By Alastair Buckle of Mott MacDonald
Are change models still effective for organisational transformation today? Rethinking how communication is understood and recognising the potency of talk for enacting change offers a solution beyond models. One that explores the communicative processes shaping action within complex organisations and the environments in which they operate.
Change models like Kurt Lewin’s Unfreeze, Change, Freeze, John Kotter’s 8 steps or Jeff Hiatt’s ADKAR are proven and useful tools that consultants and academics alike use when dealing with the topic of organisational change. In many ways they have shaped how change has been understood. Models like these tend to see change as something that takes place through a series of planned steps with a start and an end. More recent discussions have shifted away from discrete models to capabilities and behaviours that view change as a more constant, iterative process that is ever-present in workplaces. Regardless of the model though almost all emphasise the need to create an awareness of why a change is necessary. Communicating a reason or vision to people within an organisation is viewed as an essential component and yet very few of these models really delve deeper into the communicative processes at play when organising or instigating change. As consultants we are almost constantly faced with change such is the nature of our work. Very often our role is to help facilitate, navigate, organise and/or lead change within client organisations and so understanding these communicative processes is not only useful but central to our work.
Understanding more deeply how communicative processes influence organisation and change necessitates a more radical view of what communication actually is, one that challenges the notion that communication is simply a vehicle for transmission. Communication is no longer understood as a neutral process between sender and receiver (where messages have predefined and unchanging meanings). Rather, communication is a dynamic and interactive process, an ongoing negotiation of meaning that takes place between actors. Still, why is it important that communication generates meaning? Because meaning frames action; what people do as a result of what has been understood. When employees are ‘made aware of’ or ‘given a vision’ for why a change is necessary then it sparks a series of interactions where people make sense (read: generate meaning) of what that vision or that change means in relation to their work – and ultimately what action to take.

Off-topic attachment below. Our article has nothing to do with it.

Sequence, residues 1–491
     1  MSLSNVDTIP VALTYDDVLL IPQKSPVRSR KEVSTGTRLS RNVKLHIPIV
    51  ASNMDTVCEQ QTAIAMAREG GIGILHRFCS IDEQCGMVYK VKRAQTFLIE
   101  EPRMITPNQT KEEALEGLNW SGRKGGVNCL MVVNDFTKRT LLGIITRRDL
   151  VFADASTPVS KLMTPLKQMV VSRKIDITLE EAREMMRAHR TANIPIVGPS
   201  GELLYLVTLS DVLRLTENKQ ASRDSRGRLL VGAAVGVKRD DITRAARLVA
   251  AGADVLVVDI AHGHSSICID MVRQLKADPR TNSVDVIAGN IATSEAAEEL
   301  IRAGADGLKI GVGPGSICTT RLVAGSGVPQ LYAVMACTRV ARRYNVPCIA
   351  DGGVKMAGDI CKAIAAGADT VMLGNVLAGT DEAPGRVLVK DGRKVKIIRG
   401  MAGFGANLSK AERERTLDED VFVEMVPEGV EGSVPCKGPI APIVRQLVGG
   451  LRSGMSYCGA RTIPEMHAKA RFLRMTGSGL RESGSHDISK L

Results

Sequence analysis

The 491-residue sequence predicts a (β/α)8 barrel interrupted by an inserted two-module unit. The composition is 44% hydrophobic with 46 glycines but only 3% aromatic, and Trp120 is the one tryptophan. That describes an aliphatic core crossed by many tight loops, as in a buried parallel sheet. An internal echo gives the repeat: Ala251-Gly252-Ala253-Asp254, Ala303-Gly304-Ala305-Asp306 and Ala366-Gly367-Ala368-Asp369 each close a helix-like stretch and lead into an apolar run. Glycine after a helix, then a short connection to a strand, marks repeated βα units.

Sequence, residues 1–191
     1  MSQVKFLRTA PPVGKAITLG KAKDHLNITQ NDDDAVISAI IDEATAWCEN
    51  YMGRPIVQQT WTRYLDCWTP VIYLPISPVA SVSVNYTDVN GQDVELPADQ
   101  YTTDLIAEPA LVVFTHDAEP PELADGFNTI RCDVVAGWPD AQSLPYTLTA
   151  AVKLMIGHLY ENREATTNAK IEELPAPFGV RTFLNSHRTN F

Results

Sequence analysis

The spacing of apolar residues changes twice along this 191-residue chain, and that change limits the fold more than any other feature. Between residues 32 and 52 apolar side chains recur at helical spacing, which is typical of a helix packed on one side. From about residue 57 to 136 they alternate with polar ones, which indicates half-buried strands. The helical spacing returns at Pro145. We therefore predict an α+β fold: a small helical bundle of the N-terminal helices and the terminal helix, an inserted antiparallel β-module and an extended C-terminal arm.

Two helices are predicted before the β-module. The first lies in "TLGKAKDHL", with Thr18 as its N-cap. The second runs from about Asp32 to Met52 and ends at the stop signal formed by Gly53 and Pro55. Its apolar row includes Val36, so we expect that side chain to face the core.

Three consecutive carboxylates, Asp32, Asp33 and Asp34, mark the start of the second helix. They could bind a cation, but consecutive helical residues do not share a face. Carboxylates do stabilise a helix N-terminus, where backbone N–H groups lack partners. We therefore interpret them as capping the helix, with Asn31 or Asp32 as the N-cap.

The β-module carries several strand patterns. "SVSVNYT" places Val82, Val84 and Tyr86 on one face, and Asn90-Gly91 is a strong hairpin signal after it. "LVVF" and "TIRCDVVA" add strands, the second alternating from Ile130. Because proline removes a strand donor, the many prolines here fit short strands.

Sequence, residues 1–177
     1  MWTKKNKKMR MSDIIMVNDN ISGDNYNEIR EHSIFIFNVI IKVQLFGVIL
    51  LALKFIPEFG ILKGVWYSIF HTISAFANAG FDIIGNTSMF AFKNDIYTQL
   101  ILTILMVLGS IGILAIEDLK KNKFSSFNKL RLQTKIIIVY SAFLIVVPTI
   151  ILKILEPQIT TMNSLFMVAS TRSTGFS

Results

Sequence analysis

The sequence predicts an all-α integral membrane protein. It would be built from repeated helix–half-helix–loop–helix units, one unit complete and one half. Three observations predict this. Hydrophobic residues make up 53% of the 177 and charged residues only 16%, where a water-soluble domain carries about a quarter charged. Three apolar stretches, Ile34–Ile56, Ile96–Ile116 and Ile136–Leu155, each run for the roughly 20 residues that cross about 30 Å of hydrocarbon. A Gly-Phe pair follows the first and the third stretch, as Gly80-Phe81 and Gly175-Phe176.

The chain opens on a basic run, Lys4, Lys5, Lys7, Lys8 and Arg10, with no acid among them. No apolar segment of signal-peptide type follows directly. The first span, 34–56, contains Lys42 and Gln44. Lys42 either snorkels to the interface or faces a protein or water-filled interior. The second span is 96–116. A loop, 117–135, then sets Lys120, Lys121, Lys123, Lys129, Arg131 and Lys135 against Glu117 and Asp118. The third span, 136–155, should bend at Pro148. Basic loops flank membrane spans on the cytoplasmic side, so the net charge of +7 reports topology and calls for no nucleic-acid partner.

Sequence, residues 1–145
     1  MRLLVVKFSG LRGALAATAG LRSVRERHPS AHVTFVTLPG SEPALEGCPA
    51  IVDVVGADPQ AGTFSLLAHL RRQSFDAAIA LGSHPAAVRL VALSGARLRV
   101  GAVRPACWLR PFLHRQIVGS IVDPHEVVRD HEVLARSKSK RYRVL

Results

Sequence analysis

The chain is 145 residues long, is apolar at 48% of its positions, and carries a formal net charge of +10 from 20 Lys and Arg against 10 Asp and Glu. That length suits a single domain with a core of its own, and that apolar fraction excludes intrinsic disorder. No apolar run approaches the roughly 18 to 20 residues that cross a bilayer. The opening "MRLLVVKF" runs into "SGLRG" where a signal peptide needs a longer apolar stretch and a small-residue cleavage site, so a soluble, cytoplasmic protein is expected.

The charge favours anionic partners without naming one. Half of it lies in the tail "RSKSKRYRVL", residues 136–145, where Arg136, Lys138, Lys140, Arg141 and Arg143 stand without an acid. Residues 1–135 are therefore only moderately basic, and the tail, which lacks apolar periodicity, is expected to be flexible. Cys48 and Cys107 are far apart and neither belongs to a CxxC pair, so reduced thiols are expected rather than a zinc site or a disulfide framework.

Quick reflection: Choosing to do nothing once meaning has been generated is still a form of action. Conscious inaction can be a strong form of resistance to change efforts and can even derail them completely.
Organisation, Communication and Scaling Up
Organisations emerge as a result of interconnected and ongoing interactions and so the term itself –organisation – refers to both the verb and noun, the verb being the process ‘of organising’ and the noun being the entity or thing that emerges from that process i.e. ‘the organisation’. The interactions taking place though are not just between people. Documents, texts, machines, tools, signs, and systems are also all part of these communicative processes. These ‘non-human’ actors are not insignificant bystanders either. They too make a difference to communication and action.